MORGANTON – The North Carolina Department of Transportation’s winter weather prep is going digital this year with a snow plow simulator designed to give employees more training time without getting behind the wheel of an actual vehicle.

The new simulator equipment has only been in service about a month, but already has trained more than 250 NCDOT employees, said Mark Scott, a safety consultant for NCDOT. The company that develops the simulators also offers simulators for aircraft and military vehicles.

“We’re going to put our drivers behind the seats in the simulator before they go out into the field in a dump truck,” Scott said.

Scott said the person running the simulation can throw in almost any scenario imaginable, whether it’s through changing the weather, the landscape or adding in a misfortune like a blown tire or malfunctioning engine. They have about 200 vehicles to choose from when setting up the simulation, all to match vehicles the DOT has in its inventory.

Their focus now is on snow and ice season, Scott said.

“We are running snow plow training, both in the urban environment, and the rural environment, and the mountain environment,” Scott said. “Many of the drivers have been assigned specific roads, and they say the roads in the simulator and what they actually push snow on are virtually the same.”

The simulator grades each run-through and gives drivers a better idea of what they need to pay more attention to in the field.

“The positive thing is we can go through and we can look to see where the driver’s mistakes may be, review those and then try to do it again and get an improvement on their driving abilities,” Scott said. “We’re hoping that they’ll take lessons from the simulator and put them into effect on the streets.”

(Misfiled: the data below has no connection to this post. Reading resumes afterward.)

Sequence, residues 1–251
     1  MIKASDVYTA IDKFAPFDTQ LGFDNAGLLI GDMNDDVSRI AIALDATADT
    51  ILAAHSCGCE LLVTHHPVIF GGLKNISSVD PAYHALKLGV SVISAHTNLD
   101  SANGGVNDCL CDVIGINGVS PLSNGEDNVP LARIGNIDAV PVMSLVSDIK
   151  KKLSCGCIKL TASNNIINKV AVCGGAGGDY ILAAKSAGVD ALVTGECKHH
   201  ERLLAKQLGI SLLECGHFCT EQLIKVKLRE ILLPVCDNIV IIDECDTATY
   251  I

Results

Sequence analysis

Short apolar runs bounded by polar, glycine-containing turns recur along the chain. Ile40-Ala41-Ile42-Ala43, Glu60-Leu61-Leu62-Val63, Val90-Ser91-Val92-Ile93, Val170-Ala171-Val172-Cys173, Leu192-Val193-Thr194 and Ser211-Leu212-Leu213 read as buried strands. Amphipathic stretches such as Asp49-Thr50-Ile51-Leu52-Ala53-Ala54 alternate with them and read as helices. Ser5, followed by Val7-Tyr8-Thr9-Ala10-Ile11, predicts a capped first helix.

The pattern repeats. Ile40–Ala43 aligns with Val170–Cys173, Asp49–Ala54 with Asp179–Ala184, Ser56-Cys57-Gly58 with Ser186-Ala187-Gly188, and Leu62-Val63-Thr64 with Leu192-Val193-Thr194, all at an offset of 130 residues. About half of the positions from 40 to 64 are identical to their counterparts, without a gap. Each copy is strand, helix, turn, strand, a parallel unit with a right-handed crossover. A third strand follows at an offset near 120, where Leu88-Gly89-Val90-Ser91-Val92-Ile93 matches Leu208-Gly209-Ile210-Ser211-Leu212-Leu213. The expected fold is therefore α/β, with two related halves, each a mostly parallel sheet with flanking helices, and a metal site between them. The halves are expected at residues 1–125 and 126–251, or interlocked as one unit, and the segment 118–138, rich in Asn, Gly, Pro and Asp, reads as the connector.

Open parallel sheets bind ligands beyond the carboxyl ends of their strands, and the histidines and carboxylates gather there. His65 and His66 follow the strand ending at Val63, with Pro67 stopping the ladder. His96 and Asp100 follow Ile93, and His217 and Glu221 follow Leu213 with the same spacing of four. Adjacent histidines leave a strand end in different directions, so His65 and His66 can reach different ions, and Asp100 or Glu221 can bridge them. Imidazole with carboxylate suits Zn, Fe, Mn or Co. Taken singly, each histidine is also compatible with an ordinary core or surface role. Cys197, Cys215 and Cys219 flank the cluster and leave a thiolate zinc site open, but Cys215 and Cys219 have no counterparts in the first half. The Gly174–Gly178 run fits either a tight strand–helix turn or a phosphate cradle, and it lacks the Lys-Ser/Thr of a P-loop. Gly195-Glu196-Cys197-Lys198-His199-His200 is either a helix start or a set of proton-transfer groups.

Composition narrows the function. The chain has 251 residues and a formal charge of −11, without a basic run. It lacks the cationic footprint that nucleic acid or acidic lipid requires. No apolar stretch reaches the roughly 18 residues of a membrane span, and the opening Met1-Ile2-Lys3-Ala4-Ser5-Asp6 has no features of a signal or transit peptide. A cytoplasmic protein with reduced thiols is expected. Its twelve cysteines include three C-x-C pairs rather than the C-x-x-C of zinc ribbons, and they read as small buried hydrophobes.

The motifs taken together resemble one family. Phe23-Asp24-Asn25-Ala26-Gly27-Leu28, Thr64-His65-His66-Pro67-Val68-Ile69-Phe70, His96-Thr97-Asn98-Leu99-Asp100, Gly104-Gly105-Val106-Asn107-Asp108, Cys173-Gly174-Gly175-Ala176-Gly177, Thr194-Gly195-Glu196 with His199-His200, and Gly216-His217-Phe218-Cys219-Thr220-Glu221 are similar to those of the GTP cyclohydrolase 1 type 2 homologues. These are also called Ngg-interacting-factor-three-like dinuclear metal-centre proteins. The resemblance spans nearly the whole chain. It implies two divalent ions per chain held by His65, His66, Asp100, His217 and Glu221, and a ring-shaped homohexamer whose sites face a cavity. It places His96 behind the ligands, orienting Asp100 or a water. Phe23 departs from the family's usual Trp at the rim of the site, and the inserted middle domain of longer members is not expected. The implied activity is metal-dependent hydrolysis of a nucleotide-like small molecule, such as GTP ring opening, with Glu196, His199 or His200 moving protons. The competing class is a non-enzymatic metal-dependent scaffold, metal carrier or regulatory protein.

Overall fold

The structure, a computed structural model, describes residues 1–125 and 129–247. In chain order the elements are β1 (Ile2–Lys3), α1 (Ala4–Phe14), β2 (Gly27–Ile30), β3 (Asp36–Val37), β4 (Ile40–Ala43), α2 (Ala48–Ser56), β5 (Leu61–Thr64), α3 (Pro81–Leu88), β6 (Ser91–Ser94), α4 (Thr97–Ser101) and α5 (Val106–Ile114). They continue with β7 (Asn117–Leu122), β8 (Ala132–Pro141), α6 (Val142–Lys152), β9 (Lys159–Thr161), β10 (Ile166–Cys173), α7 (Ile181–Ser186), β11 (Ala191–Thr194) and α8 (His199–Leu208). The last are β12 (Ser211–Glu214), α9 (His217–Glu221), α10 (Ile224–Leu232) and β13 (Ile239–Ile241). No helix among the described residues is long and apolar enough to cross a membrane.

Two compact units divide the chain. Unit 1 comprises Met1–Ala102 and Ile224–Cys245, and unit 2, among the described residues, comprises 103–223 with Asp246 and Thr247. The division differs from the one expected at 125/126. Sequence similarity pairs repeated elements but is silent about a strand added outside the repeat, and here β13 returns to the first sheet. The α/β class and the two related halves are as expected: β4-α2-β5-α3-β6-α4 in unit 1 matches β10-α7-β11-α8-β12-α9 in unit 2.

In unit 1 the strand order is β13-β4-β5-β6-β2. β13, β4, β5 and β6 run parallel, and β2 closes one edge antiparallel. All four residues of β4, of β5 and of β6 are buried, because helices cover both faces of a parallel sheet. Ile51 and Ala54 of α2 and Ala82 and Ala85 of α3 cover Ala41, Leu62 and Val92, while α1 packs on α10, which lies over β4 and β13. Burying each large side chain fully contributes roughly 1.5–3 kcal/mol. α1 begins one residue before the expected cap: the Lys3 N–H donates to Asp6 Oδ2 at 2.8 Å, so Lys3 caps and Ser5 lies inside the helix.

Even with the cost of sending Scott and his partner, safety engineer Monte Simpson, around the state, Scott said the simulators are saving the taxpayers an average of about $158 per hour. He said they’re teaching about eight or nine hours a day. That’s not the only way the program saves money, though.

“If we have an accident, if we’re out in the real world, in real time, we can’t redo it,” Scott said. “If we do it in the simulator, we just hit a reset button and say, ‘let’s start all over again and see where your errors were.’ Those are all positive things.”

He said looking to the future, NCDOT is considering expanding the program to include their heavy equipment as well.

“It really does reduce costs for the taxpayers and the NCDOT,” Scott said. “It reduces hazards to the motoring public. The more hours you put out on the road, time behind the wheel, that increases our risk hazards.”

The simulators won’t completely replace real-world training, but the simulators give drivers more time behind the wheel at a lower cost before putting them in the seat of a truck with a seasoned instructor.

“We’ve done over 250, approaching 300, people running through the simulators from 20-something-year veterans to 12-month employees that have just been hired and they all said we should have had this a long time ago,” Scott said.

Sports Editor Justin Epley contributed to this article.